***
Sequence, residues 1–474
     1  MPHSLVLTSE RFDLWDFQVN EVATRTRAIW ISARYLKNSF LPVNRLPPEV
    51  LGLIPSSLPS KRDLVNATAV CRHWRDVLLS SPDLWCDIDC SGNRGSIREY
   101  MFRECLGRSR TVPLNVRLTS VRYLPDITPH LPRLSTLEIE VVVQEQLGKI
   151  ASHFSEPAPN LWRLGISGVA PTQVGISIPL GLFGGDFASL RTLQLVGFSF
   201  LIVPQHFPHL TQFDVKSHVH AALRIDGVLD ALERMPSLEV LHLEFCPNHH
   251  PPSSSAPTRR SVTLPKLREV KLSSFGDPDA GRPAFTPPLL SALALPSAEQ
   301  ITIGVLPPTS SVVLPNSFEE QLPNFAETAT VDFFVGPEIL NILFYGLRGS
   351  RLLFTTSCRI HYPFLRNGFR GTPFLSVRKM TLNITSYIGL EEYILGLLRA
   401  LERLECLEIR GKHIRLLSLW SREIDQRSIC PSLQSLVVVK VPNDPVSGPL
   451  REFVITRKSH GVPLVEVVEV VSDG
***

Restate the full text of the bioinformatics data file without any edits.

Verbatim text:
Sequence, residues 1–474
     1  MPHSLVLTSE RFDLWDFQVN EVATRTRAIW ISARYLKNSF LPVNRLPPEV
    51  LGLIPSSLPS KRDLVNATAV CRHWRDVLLS SPDLWCDIDC SGNRGSIREY
   101  MFRECLGRSR TVPLNVRLTS VRYLPDITPH LPRLSTLEIE VVVQEQLGKI
   151  ASHFSEPAPN LWRLGISGVA PTQVGISIPL GLFGGDFASL RTLQLVGFSF
   201  LIVPQHFPHL TQFDVKSHVH AALRIDGVLD ALERMPSLEV LHLEFCPNHH
   251  PPSSSAPTRR SVTLPKLREV KLSSFGDPDA GRPAFTPPLL SALALPSAEQ
   301  ITIGVLPPTS SVVLPNSFEE QLPNFAETAT VDFFVGPEIL NILFYGLRGS
   351  RLLFTTSCRI HYPFLRNGFR GTPFLSVRKM TLNITSYIGL EEYILGLLRA
   401  LERLECLEIR GKHIRLLSLW SREIDQRSIC PSLQSLVVVK VPNDPVSGPL
   451  REFVITRKSH GVPLVEVVEV VSDG